As you look forward to Sukkot, you may have a few lingering thoughts from the reflection and retrospection of the High Holidays. Perhaps you promised to treat your body to more healthful, nutritious food. Or maybe your new goal is to take time out to observe Jewish holidays, or to just relax with friends over a good meal.
This can be a frustrating set of goals, since it often seems as though celebrating the Jewish holidays through food while still eating healthfully are irreconcilable endeavo...
When Ellen got sepsis, she didn’t know anything about it. She was seeing a big team of specialists and wasn’t provided with much education about it. Now, providers and patients are provided with more information, and there is more education about both sepsis and post-sepsis syndrome.
Part 3: After being discharged from the hospital Ellen was still very sick for a month. She was on prednisone and felt like her head was fuzzy. Now, whenever she gets sick, she goes straight to the ER and is tested for sepsis. With her history of sepsis, she is prone to it happening again. She also has a form of PTSD called post-sepsis syndrome.
Part 2: Hospital Stay and Treatment
Eight hours after being admitted, Ellen was still in the hospital. The doctors now wouldn’t send her home, because her pain continued and they couldn’t figure out why.
What follows is the story of a sepsis survivor, as told to Healthcentric Advisors. We have changed her name for anonymity.
Part 1: How it Started. Ellen started her day like any other. She was active and fit, and went to meet her sister-in-law for a spinning class. But something wasn’t right.
Part of the work that Healthcentric Advisors does in Skilled Nursing Facilities involves changing practices to be more trauma-informed. Seventy per cent of the frontline workers have had one adverse experience. This means that health workers themselves have their own triggers. Learning to recognize their own and those of the patients they serve is central to trauma-informed care.
A lot of workshops are mostly talking heads. Healthcentric Advisors’ work with nursing facilities is concrete, offering real solutions to real problems. In this third post, we talk about how our work’s concrete, real-world approach helps SNFs work towards their goals.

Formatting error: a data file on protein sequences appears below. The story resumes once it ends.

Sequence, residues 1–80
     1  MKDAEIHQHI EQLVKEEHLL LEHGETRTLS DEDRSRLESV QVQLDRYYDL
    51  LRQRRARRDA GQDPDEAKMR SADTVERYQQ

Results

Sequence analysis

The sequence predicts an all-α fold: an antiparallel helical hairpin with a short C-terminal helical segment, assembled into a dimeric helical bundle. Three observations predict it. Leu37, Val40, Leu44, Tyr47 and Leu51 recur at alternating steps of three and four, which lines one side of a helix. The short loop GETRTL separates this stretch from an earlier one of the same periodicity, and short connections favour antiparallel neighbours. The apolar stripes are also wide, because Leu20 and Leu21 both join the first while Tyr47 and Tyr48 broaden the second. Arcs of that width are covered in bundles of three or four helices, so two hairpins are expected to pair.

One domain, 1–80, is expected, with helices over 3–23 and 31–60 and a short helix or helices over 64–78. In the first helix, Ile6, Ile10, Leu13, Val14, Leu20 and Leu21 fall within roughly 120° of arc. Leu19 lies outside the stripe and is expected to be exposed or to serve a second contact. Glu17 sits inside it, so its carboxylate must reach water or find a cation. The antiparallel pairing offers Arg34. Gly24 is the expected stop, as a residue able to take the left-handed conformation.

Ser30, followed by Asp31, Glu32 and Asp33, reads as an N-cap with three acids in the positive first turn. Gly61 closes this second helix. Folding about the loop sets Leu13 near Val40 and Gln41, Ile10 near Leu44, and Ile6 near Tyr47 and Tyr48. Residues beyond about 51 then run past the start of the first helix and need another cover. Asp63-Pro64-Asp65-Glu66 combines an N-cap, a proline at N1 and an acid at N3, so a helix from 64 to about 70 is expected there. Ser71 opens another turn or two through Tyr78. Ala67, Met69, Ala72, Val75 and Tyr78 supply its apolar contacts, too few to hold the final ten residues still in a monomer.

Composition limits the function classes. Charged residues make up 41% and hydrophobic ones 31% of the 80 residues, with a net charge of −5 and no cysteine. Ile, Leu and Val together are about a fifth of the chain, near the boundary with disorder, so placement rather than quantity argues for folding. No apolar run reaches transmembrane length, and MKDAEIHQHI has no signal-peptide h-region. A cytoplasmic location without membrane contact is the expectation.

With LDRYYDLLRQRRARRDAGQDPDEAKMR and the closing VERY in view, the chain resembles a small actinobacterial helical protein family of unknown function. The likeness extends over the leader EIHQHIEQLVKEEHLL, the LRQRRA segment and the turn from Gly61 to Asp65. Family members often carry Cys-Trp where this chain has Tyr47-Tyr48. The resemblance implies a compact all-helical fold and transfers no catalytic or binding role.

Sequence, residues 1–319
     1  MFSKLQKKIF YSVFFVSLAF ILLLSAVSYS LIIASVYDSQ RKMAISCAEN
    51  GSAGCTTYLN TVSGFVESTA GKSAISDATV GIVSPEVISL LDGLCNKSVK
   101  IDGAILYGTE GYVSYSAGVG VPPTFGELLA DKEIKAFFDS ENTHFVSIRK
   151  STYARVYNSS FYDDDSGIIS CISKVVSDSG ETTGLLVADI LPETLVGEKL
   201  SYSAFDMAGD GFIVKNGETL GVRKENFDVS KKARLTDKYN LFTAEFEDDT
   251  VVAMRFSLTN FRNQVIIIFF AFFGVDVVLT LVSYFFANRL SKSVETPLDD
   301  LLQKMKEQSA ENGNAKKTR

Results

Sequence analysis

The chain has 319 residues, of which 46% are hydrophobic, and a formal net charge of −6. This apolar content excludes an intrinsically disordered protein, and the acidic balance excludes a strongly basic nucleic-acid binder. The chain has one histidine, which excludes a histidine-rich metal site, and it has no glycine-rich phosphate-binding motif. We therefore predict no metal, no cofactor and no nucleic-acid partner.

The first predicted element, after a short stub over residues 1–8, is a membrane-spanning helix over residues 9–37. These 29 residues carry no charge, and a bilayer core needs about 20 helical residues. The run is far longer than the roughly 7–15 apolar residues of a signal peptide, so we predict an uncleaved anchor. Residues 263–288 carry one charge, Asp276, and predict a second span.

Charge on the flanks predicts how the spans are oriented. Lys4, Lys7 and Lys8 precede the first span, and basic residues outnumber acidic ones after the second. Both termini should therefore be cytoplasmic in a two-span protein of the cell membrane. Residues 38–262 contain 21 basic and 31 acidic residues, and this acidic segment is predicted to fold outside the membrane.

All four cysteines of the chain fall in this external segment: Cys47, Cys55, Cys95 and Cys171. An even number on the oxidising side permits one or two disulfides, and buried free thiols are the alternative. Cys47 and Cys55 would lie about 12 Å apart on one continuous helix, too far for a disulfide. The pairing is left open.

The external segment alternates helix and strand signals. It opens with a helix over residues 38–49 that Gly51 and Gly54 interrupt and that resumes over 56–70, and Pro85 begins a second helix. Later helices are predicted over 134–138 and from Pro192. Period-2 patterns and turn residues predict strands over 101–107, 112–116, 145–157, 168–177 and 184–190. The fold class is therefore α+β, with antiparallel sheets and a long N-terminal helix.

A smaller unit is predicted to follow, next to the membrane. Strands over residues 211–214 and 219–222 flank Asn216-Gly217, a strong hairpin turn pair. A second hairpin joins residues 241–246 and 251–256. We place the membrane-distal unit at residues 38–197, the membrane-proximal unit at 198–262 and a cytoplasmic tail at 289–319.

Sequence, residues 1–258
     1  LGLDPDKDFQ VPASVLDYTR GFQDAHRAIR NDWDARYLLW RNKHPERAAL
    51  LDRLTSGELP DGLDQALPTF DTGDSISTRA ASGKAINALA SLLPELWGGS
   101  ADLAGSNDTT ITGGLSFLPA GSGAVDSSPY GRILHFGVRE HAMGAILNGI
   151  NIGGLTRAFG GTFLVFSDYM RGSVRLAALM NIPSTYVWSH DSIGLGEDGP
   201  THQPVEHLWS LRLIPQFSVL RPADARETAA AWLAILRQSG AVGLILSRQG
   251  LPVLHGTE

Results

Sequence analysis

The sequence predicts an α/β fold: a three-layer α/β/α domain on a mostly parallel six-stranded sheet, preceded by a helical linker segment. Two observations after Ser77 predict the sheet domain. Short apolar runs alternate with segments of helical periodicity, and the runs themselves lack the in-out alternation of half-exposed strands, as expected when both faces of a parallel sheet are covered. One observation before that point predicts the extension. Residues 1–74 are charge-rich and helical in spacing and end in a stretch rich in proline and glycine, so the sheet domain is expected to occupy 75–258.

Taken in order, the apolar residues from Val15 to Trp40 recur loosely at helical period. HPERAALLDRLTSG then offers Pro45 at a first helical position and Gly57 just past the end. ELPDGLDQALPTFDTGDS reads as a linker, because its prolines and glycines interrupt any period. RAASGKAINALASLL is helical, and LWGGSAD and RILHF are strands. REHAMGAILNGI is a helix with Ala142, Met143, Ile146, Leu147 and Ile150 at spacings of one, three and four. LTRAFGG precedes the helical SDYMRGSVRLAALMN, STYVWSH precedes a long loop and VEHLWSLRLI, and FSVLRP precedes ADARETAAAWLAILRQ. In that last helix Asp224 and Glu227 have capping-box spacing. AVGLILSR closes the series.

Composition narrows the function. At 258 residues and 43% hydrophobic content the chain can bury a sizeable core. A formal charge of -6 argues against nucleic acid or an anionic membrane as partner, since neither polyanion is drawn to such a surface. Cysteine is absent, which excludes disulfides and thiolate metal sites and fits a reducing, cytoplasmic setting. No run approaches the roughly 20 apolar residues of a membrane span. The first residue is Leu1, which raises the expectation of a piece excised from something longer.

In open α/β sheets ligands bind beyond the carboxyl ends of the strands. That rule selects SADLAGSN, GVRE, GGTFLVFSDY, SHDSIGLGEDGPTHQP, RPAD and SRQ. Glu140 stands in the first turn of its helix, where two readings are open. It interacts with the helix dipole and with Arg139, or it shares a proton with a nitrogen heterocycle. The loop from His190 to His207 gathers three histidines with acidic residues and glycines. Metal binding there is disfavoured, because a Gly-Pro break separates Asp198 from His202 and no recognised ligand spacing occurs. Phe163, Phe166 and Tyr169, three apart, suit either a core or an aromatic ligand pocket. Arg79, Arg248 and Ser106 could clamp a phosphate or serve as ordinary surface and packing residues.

In this second post, we talk about how the demographics of nursing homes have changed, and its implications for providing the best care to all the residents. “When you think about nursing homes, you think about grandma” said Joshua Bernard. However, today’s nursing homes have a much higher proportion of residents with behavioral health issues."
This blog post is the first in a four-part series on the Skilled Nursing Facilities (SNF) Solutions Tour. In this first post, we talk about how important it is to have an actionable quality improvement plan, as well as how when Healthcentric staff go into many nursing homes, this is often not the case.
Medicare’s ACP codes underused: Are clinicians not having these conversations or not billing for them?
A study by Healthcentric Advisors’ Kimberly Pelland, Blake Morphis, and Rebekah Gardner . . . reveals the current status of advance care planning (ACP) conversations in healthcare settings across New England. It highlights opportunities to increase use of Medicare’s ACP codes.
Rhode Island has a high prevalence of mental illness. However, access to care is also
high. Any unmet needs are not entirely due to the availability of services, but rather due
to providers’ level of awareness of what resources exist and how to access them. This White Paper provides crucial background on the behavioral health (BH) landscape in RI, including stakeholder assessments and the convening of a coalition, reviews the BH Summit, and concludes with policy recommendations.
What Contributes to Physician Burnout? New Study by Healthcentric Advisors’ Dr. Rebekah L. Gardner Has Answers
In a new study published in the Journal of the American Medical Informatics Association, Healthcentric Advisors and Brown University physician Dr. Rebekah L. Gardner looked at the relationship between health information technology (HIT)-related stress and physician burnout. She and her co-authors found that stress associated with HIT is in many cases associated with higher levels of physician burnout. In fact, those who agreed that electronic health records (EHRs) exacerbate their frustration...
When I first began taking trips to West Africa while working on my doctorate in African history, I assumed that while there I would keep my Judaism to myself. This was not out of fear of anti-Semitism, but, rather, I thought there would be no one to share it with. There, since my research is on Catholic education, I am often assumed to be Catholic. Even my name, which in the United States is generally a giveaway to my Jewish background, inspires amusing comments such as, “Rachel! What a good ...
We envision a future in which all Senegalese and African youth are equipped with critical 21st century skills such as entrepreneurship, team work, and effective communication; use them to take the lead in their communities to drive change, exemplify responsible citizenship, and start businesses that create employment opportunities for other young people, contributing to the economic advancement of their countries.
How many Jews does it take to change a lightbulb?
Here’s a hint: Sing this song by Deborah Kornfield to the tune of “I Have a Little Dreidel”:
I have a brand new lightbulb,
It’s a miracle you see;
It lights the room completely,
Using half the energy.
Oh compact fluorescent lightbulb.
I really have to kvell;
It’s just so energy efficient.
And it saves you gelt as well.
The question is, in fact, the name of a campaign launched by the Coalition on the Environment and Jewish Life (COEJL). Humorou...